In reviewing a dismissal of a complaint for failure to sufficiently allege jurisdiction, we must accept the allegations in the complaint as true. Vine v. Beneficial Finance Co., Inc., 374 F.2d 627 (2nd Cir.), cert. denied, 389 U.S. 970, 88 S.Ct. 463, 19 L.Ed.2d 460 (1967); 2A J. Moore, Federal Practice ¶ 12.08 (2d ed. 1972). Disregarding the inordinate verbiage in their amended complaint, West Texas Shareholders in substance allege that Beverly entered into the reorganization agreement with the intent not to perform its obligations unless it later determined that it was in its best interests to do so, and that Beverly intended to raise and did raise fictitious excuses for refusing to fulfill the agreement. Alternatively, West Texas Shareholders allege that Beverly executed the agreement with the intent to speculate on fluctuations of the price of its stock at the expense of West Texas Shareholders, and that Beverly executed the agreement with the intent of refusing to consummate the reorganization unless it could obtain additional concessions from them to which it was not legally entitled. West Texas Shareholders also allege that Beverly established a pattern in its acquisition program of entering into other reorganization agreements with stockholders of other corporations with only a limited intention of performing. West Texas Shareholders contend that the above actions constitute acts, practices, or a course of business which operated as a fraud or deceit upon them under § 10(b) and Rule 10b(5).
It should be noted that Beverly's stock has in fact fluctuated widely. In September, 1969 the stock was selling at approximately $27 per share. Since then it has traded for as high as $45 per share and as low as $9 per share.
We must decide whether entering into a contract to sell securities with only a limited intention of performing is a fraud cognizable under § 10(b) and Rule 10b-5 and whether the allegations of fraud in this complaint are sufficiently well pleaded. We hold that the district court erred in dismissing this action.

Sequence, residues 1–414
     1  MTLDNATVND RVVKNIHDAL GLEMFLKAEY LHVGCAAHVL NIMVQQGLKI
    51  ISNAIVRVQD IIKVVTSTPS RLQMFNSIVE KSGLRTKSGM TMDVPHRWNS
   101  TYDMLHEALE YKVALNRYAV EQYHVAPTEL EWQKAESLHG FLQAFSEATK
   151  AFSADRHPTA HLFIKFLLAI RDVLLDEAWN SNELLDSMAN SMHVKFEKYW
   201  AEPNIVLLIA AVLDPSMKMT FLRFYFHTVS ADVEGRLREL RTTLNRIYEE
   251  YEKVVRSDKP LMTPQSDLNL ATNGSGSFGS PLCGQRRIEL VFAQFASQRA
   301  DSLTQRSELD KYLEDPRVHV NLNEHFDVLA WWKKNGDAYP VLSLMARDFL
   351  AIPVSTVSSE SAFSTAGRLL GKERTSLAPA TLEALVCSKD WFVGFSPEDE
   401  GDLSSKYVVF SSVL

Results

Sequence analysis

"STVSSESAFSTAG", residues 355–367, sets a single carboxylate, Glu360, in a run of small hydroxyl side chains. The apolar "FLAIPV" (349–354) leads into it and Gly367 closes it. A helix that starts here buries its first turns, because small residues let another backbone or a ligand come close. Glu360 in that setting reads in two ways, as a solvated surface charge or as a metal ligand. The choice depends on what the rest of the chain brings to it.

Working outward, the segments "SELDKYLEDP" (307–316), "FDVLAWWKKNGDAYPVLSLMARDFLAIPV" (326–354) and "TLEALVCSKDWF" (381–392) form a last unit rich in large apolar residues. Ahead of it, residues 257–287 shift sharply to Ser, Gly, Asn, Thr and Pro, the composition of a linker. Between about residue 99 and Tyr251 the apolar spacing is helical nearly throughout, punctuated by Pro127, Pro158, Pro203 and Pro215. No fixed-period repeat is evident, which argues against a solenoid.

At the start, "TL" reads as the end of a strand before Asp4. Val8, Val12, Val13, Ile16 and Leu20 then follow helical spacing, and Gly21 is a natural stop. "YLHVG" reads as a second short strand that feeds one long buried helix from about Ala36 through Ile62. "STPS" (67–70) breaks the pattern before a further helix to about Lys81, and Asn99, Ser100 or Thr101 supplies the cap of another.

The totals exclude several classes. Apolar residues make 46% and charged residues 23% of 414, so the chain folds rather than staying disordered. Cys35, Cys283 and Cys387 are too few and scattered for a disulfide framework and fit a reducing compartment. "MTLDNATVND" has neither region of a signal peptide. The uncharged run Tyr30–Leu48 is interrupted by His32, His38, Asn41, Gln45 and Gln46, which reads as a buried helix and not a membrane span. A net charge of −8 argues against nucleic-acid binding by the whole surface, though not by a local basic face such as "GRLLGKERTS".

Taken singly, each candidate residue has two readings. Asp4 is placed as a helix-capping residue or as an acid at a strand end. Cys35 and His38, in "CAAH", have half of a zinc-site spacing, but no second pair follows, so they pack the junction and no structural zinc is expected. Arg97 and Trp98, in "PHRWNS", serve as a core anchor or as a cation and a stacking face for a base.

There is a sufficient contractual relationship so that West Texas Shareholders have standing as purchasers or sellers under the rationale of the "aborted purchaser-seller" cases. Mount Clemens Industries, Inc. v. Bell, 464 F.2d 339, 342 (9th Cir. 1972).
At the outset we note that "[s]ection 10(b) must be read flexibly, not technically and restrictively. Since there was a `sale' of a security and since fraud was used `in connection with' it, there is redress under § 10(b), whatever might be available as a remedy under state law." Supt. of Insurance v. Bankers Life Cas. Co., 404 U.S. 6, 12, 92 S.Ct. 165, 169, 30 L.Ed.2d 128 (1971). "And the fact that the transaction is not conducted through a securities exchange or an organized over-the-counter market is irrelevant to the coverage of § 10(b)." Bankers Life, supra at 10, 92 S.Ct. at 168. Likewise "[n]either § 10(b) nor Rule 10b-5 contains any language which would indicate that those provisions were intended to deal only with fraud as to the `investment value' of securities . . ." A. T. Brod Co. v. Perlow, 375 F.2d 393, 396-397 (2nd Cir. 1967).
Proceeding on the assumption that the allegations in the complaint are true, and that any ambiguities must be resolved in favor of the pleading, Gillibeau v. City of Richmond, 417 F.2d 426, 430 (9th Cir. 1969), it seems clear that West Texas Shareholders have stated a claim which the district court had jurisdiction to entertain. Entering into a contract of sale with the secret reservation not to fully perform it is fraud cognizable under § 10(b).
"It has been the law under the mail fraud statute ever since a Supreme Court decision in 1896 [Durland v. United States, 161 U.S. 306, 16 S.Ct. 508, 40 L.Ed. 709] that `to promise what one does not mean to perform, or to declare an opinion as to future events which one does not hold, is a fraud.'" 3 L. Loss, Securities Regulation 1436-47 (1st ed. 1961); accord, Keers and Co. v. American Steel and Pump Corp., 234 F. Supp. 201, 203 (S.D.N.Y. 1964).